ABU DHABI, 16th March, 2023 (WAM) – Abu Dhabi Arabic Language Centre (ALC), a part of the Department of Culture and Tourism – Abu Dhabi (DCT Abu Dhabi), has announced the results of its successful Research Grant Programme’s third edition. This year’s programme received a total of 111 participants from 17 countries, including 13 Arab countries, one African, two Asian, and one European, marking an increase of nearly 40 percent over the last session.
The ALC selected eight research papers covering various fields of the Arabic language. In the Supporting Manuscript Editing and Arab Heritage category, the ALC chose three research projects. The first paper, “Report on the Book ‘Ibn Musafir’s Choices'” by Moqbel Al Ahmadi from Yemen and Shafiq Bitar from Syria, presents explanations for 18 highly acclaimed Arabic poems that literary scholars and critics unanimously agreed are outstanding. The second paper, “Hadith Bayad wa Riyad” by Fayez Al-Qaisi from Jordan, examines a prose story by an unknown Andalusian author dating back to the eighth century AH and focusing on Platonic love as its main theme. The third paper, “The Storytelling Creation: A Study in Narratives… and an Investigation of the Biography of Iskandar Dhul-Qarnayn and the Wonders that Happened to Him” by Nabil Hamdi Al Shahed from Egypt, seeks to make the biography of Iskandar Dhul-Qarnayn one of the most notable biographies of a historical figure with profound impact and who was mentioned in the Holy Qur’an.
In the Literature and Criticism category, the ALC selected four research papers. The first paper, “Evolving Narratives in Emirati Literature: A Technical Study” by Maryam Al-Hamshi from the UAE, explores narrative and character building, as well as novel development and overlapping literary genres.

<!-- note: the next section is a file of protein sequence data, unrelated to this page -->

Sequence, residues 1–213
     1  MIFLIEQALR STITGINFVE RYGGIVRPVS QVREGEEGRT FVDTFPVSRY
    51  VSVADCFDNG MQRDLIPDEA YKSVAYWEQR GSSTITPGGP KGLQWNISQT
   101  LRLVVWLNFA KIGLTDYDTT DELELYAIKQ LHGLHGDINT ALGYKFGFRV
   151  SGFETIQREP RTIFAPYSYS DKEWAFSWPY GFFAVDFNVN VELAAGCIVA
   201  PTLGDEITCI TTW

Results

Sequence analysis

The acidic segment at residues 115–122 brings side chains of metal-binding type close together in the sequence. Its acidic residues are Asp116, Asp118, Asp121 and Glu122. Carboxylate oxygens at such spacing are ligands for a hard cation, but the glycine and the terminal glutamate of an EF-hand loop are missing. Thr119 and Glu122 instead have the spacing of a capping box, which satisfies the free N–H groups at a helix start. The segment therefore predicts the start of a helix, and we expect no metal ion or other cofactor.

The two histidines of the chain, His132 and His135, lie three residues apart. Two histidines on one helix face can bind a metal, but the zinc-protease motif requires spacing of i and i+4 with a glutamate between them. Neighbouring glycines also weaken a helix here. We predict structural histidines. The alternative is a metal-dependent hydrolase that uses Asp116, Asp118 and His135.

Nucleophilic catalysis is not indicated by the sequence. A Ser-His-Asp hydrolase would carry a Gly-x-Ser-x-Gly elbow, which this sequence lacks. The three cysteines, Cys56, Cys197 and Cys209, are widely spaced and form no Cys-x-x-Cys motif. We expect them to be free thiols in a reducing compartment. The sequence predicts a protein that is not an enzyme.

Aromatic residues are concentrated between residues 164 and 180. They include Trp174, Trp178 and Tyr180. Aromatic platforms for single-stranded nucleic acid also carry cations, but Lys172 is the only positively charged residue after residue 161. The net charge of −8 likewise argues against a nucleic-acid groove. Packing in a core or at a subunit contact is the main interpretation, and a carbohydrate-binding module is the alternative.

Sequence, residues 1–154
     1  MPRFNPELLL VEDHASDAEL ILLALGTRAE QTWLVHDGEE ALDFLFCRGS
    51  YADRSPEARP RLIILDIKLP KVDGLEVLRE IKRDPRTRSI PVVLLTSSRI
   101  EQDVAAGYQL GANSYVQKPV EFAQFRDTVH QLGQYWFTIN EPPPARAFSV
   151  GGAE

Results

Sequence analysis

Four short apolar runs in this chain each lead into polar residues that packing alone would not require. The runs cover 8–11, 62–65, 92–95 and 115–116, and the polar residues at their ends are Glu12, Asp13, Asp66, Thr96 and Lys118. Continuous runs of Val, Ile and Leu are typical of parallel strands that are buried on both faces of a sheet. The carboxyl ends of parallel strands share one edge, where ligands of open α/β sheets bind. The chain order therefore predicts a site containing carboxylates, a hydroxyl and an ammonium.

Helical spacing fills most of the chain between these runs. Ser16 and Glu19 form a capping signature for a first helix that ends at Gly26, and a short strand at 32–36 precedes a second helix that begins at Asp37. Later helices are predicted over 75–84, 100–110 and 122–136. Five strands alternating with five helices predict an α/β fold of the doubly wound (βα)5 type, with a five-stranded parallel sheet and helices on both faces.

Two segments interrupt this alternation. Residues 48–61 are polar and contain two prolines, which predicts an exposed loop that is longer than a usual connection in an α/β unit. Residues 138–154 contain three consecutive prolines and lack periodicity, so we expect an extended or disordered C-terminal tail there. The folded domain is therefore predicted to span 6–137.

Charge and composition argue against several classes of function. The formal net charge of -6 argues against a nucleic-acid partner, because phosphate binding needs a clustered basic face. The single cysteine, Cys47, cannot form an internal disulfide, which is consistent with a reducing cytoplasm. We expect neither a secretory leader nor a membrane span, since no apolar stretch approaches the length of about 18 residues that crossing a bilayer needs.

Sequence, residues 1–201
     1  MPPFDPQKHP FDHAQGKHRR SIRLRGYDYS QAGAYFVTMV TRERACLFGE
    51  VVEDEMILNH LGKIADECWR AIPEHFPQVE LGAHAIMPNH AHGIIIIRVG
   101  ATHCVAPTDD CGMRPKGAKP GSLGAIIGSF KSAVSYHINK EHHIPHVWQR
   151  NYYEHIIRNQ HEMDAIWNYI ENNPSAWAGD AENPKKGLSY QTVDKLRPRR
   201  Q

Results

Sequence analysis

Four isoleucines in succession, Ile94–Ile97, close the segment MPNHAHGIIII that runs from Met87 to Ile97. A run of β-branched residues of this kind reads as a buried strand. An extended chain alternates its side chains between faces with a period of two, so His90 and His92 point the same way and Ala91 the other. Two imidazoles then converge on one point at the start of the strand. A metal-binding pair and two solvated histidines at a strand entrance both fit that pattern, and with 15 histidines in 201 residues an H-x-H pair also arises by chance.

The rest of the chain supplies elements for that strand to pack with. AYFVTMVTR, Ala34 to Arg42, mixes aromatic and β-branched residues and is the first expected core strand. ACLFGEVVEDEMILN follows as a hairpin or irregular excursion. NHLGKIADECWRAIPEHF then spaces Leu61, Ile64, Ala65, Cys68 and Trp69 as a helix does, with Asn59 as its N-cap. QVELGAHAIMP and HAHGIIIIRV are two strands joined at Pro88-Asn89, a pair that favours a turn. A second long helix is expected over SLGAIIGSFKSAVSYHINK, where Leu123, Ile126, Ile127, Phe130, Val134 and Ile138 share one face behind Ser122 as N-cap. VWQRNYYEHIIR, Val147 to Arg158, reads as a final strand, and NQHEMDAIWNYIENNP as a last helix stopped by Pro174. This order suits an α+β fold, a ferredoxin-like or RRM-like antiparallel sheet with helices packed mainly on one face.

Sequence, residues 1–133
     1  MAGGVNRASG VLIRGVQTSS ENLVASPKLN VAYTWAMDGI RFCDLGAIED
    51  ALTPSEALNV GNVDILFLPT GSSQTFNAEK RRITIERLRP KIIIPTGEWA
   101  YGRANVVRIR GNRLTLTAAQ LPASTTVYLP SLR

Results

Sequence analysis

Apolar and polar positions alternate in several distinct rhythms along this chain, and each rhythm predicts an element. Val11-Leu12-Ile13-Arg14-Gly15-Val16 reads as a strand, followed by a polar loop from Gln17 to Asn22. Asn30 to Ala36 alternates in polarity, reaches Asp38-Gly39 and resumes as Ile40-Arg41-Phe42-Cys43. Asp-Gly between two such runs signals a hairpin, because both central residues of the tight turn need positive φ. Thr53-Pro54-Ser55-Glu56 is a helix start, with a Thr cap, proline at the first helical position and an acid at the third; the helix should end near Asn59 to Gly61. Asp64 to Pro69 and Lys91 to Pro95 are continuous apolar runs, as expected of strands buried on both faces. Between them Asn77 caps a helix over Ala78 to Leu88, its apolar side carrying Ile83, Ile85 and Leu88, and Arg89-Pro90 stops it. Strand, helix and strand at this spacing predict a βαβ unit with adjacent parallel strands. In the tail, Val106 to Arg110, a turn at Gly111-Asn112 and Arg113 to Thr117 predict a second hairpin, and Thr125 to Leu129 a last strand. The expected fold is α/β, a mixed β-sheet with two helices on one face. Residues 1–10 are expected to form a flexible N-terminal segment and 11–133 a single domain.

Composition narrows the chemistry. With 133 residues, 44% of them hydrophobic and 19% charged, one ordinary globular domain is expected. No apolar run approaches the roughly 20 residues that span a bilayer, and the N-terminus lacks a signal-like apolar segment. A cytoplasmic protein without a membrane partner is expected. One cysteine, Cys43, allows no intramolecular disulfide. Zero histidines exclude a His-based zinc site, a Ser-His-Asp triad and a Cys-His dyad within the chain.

The second paper, “The New Historical Novel and Betting on Fantasy” by Mustafa Al Nahhal from Morocco, seeks to develop the critical approach to new historical novels, both in line with the development of literary theory and analysis, and according to the evolution of the fictional discourse itself, which takes history as its background and a framework for fantasy.
The third paper, “The Literary and Critical Movement in Saudi Arabia: Beginnings and Trends” by Muhammad Al Safrani from the Kingdom of Saudi Arabia, aims to outline a framework for Saudi literature and poetry in the course of the renaissance of Arabic poetry, impressionism, and modernity in poetic and literary criticism in the Kingdom.
The fourth paper, “The Aesthetics of Meaning: The Philosophy of Tradition in the Arabic Language from Interpretation to Meta-Interpretation” by Shafiqa Wail from Algeria, examines the Arab philosophy of tradition and considers the process of understanding in a new philosophical field by returning to the ontological origin of the Arabic language and its heritage, and through a new framework: meta-interpretation.
Lastly, in the Arabic Lexicon category, the ALC selected “The Illustrated Arabic Dictionary for Children” by Amr Gomaa from Egypt, an illustrated Arabic dictionary directed at children in the early years of their development and elementary education.